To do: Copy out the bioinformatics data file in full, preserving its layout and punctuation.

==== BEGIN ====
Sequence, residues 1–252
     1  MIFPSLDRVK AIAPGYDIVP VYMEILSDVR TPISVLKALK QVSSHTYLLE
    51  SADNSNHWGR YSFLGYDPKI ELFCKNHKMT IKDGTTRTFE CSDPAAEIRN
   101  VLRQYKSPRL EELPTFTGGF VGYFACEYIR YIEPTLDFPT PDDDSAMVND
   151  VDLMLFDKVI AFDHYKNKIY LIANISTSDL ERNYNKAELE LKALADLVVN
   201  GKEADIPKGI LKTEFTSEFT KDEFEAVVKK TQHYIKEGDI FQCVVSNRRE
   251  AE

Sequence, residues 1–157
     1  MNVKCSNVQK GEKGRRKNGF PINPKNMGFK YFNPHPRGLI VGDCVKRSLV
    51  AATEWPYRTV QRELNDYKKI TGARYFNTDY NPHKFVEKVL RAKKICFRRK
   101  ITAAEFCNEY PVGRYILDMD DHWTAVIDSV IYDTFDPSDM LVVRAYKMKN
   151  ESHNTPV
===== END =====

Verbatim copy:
Sequence, residues 1–252
     1  MIFPSLDRVK AIAPGYDIVP VYMEILSDVR TPISVLKALK QVSSHTYLLE
    51  SADNSNHWGR YSFLGYDPKI ELFCKNHKMT IKDGTTRTFE CSDPAAEIRN
   101  VLRQYKSPRL EELPTFTGGF VGYFACEYIR YIEPTLDFPT PDDDSAMVND
   151  VDLMLFDKVI AFDHYKNKIY LIANISTSDL ERNYNKAELE LKALADLVVN
   201  GKEADIPKGI LKTEFTSEFT KDEFEAVVKK TQHYIKEGDI FQCVVSNRRE
   251  AE

Sequence, residues 1–157
     1  MNVKCSNVQK GEKGRRKNGF PINPKNMGFK YFNPHPRGLI VGDCVKRSLV
    51  AATEWPYRTV QRELNDYKKI TGARYFNTDY NPHKFVEKVL RAKKICFRRK
   101  ITAAEFCNEY PVGRYILDMD DHWTAVIDSV IYDTFDPSDM LVVRAYKMKN
   151  ESHNTPV